By: First Union | Date:
How to Successfully Handle Organizational Change
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Launching organizational change efforts can be tricky. Many such efforts tend to fail or produce outcomes that aren't at all what the CEO intended. Between employee resistance, lack of adequate planning, and a change initiative that is just driven from the top-down, numerous factors play into why so many change efforts do fail. A recent study showed that only on average 25% of transformation initiatives succeed.
One important key with any such change effort: pinpoint the resistance early on and address it. Furthermore, it is imperative that in addressing those who might oppose any changes, you do so in a way that empowers not only them but your entire team. Below are some ways that you can facilitate organizational change within your company.
Start small. When approaching organizational change, many tend to do so with some sort of kickoff on a large scale. Of course, they want to get everyone excited, create that sense of momentum moving forward, and communicate to all stakeholders what is going on so that everyone can be on the same page. However, depending on how transformative the change in question, it could very well be met with resistance from one or more pockets within the organization. In starting so broadly, all you are going to do is compel the opposition to resist the changes even more so.
The most successful campaigns of this nature begin with a small group of people. Those who are on board and who are excited about realizing the changes outlined. These team members then in essence become leaders, sent to go out, and convince their peers of the necessity of change. It is a grass-roots style campaign and has proven far more effective than merely instituting a massive, all-at-once top-down effort. Start with a few such groups as needed, encourage them to take that initiative, and sell the benefits of change to their colleagues.
What is that keystone change? Change begins because of a need, a gap, or some other such dysfunctional entity within the company. For example, you need across the board cost cuts. Or perhaps customer service is badly lagging. Take that particular problem and use it as a basis for broadening the company vision and thus making the kinds of changes that will serve you multidimensionally moving ahead. So in other words, you are not merely addressing said grievance, but also paving the way for a more dynamic future. Many problems are interconnected; in addressing one through change, you stand to address numerous issues within the business model as it stands. Starting with that keystone change too makes it so that the task of change in and of itself does not seem quite so monumental, but rather far more tangible and more handleable.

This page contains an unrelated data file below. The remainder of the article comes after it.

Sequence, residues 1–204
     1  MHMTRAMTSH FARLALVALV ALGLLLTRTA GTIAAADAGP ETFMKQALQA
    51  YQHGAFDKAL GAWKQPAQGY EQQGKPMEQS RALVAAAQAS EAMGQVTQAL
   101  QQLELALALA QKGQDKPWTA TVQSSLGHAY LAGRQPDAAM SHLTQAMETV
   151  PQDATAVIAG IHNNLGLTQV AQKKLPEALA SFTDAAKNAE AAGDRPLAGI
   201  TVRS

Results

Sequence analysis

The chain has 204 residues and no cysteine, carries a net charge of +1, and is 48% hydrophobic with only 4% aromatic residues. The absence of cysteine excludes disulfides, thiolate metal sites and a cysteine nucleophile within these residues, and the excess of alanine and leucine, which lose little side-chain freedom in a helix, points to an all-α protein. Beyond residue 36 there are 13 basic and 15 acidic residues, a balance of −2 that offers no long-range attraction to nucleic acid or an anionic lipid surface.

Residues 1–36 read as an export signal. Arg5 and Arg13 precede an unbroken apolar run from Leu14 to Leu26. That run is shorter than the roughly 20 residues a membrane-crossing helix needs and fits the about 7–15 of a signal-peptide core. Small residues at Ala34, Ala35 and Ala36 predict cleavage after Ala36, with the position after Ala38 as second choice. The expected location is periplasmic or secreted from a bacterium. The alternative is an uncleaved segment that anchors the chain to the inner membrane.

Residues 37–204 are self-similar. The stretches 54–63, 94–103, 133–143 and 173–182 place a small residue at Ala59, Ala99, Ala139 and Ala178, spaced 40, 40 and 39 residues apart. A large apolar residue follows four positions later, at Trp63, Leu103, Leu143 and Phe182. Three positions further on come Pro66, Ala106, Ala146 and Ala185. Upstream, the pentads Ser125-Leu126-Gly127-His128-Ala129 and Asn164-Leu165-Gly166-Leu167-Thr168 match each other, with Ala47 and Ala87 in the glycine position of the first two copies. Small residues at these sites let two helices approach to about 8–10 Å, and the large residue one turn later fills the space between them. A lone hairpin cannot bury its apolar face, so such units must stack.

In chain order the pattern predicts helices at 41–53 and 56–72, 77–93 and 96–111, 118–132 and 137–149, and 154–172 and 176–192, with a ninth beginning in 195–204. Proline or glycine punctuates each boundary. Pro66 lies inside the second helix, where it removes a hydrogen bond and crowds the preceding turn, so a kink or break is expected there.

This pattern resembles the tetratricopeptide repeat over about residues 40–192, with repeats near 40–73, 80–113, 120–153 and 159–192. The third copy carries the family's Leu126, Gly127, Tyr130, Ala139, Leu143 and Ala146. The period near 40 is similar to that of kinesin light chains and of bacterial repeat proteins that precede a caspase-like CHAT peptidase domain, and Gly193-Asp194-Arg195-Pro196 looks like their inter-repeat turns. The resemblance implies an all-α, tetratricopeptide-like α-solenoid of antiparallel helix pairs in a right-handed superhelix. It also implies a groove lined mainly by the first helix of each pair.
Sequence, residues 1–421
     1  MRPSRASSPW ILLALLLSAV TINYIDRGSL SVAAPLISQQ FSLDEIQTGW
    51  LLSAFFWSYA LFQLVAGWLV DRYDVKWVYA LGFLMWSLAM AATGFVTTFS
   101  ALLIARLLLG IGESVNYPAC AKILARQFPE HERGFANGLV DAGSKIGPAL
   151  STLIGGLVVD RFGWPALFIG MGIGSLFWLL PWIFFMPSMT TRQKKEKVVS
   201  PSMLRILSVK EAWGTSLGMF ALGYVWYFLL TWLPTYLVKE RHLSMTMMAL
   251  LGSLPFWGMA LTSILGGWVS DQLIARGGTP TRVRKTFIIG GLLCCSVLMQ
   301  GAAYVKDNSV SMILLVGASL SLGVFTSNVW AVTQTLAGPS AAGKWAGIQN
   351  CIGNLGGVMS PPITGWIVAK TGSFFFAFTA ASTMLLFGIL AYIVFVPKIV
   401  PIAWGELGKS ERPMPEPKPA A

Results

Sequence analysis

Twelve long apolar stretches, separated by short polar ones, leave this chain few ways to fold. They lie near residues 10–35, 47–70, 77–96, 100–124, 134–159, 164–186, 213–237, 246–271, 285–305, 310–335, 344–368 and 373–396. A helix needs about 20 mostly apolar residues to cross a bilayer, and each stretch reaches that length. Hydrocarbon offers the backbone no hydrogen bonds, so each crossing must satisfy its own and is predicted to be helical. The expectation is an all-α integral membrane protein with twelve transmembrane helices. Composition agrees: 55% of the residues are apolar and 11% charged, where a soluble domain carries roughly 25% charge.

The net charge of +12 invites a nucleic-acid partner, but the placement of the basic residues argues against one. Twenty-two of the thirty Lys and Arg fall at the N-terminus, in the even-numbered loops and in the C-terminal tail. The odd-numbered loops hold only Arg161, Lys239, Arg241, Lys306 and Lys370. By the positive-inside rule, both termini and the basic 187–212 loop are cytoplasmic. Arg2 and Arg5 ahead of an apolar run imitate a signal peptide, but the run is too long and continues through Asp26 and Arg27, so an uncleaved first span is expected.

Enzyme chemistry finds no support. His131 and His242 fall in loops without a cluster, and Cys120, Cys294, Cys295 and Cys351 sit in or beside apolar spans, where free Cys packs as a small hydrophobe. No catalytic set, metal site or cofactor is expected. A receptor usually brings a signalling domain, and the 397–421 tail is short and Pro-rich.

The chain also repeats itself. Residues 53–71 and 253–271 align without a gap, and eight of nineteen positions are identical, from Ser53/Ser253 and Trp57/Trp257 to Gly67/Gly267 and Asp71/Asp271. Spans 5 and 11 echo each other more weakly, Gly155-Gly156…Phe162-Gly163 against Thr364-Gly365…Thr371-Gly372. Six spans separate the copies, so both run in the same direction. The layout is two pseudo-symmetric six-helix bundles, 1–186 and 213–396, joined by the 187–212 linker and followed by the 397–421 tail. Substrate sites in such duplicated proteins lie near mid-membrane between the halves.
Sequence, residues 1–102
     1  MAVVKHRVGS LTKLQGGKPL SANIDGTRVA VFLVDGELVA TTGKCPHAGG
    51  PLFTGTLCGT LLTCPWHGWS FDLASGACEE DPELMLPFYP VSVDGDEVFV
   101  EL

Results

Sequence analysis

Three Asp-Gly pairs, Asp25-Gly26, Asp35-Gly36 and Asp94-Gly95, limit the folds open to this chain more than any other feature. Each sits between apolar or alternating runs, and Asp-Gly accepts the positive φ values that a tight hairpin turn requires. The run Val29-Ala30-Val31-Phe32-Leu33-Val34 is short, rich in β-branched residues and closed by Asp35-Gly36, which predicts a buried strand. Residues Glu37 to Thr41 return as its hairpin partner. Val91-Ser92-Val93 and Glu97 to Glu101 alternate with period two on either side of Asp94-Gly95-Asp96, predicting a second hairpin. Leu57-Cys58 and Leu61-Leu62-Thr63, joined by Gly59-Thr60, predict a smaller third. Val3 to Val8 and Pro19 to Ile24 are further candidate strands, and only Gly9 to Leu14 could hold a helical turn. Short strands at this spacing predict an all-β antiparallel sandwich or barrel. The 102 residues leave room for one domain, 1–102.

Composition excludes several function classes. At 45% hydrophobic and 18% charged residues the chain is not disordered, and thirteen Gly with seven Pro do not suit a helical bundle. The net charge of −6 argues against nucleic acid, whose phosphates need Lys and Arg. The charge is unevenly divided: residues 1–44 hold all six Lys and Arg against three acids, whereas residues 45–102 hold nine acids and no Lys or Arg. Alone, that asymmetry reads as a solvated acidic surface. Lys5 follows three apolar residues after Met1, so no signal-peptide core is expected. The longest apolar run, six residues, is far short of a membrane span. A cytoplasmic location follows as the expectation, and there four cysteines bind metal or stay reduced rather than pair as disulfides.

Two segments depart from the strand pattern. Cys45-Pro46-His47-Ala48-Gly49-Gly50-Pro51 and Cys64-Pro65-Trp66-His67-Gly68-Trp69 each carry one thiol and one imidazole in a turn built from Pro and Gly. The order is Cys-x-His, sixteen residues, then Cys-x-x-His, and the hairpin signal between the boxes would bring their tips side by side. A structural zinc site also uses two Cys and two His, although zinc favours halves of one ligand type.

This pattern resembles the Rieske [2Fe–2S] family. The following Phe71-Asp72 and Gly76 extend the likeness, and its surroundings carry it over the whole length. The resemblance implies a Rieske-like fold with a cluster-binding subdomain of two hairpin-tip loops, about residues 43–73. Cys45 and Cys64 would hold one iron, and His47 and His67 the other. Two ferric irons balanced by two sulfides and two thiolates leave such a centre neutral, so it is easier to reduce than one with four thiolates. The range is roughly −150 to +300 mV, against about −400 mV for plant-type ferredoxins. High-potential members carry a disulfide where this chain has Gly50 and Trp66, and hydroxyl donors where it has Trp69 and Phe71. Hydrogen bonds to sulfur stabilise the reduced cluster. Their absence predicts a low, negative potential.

Go to your network. Many widespread and larger changes are often associated with a single leader or figurehead of some sort. Case in point, the civil rights movement is largely connected to Martin Luther King Jr. And while certainly, King was that vital face of the movement, the inspirational voice spurring many to action, he was also one of six major civil rights figures during that particular era. That is to say, he did not hasten such a movement alone. He leveraged the system of relationships he had and the interactions he engaged in with other key leaders of the civil rights movement to effect real and meaningful change nationwide, if not worldwide.
A leader understands how connections are critical, and how fostering an ecosystem of stakeholders is only going to help propel changes going forward. Creating platforms that allow leaders to interact, share ideas, offer advice amid organizational change is one such way you can rely on a network to help. Fortunately, we live in a very interconnected world which makes it so easy for business owners to utilize the expertise and insights of their peers, especially while undergoing major changes within the company.
Follow through. Perseverance and tenacity will keep things moving on a forward path. If you make plans and outline courses of action but then fail to follow through, then those whom you are leading will be apt to dismiss your efforts as futile and irrelevant. You have to encourage your team to embrace, accept, and abide by the changes instituted.
So for instance, if you are shifting to new company policies, be sure to enforce them 100%. If certain policies or procedures are ignored, then it will seem as if they weren't necessary at all and that significantly undermines any efforts you might try and integrate.
Celebrate success. For the most part, the success of your organizational change will hinge on your team coming together. You want them to understand exactly how important they are to the process. To this end, you do want to celebrate achieving certain milestones along the way. If you just wait until all changes have been instituted and successfully applied, your team may grow weary and disheartened throughout the process.
And then once the changes have been adopted, you need to continue to manage them. That is to say, transformation is an ongoing process within the business. The workplace environment after change needs just as much nurturing as during the change efforts. This is why communication with employees is going to become even more critical.
Your post-change environment may require additional training for staff. It may require an adjustment to your company vision overall. Or perhaps you need to locate and attain new resources to help you move forward. Always be communicating with your team and always remember to recognize when in fact that have met crucial goals.
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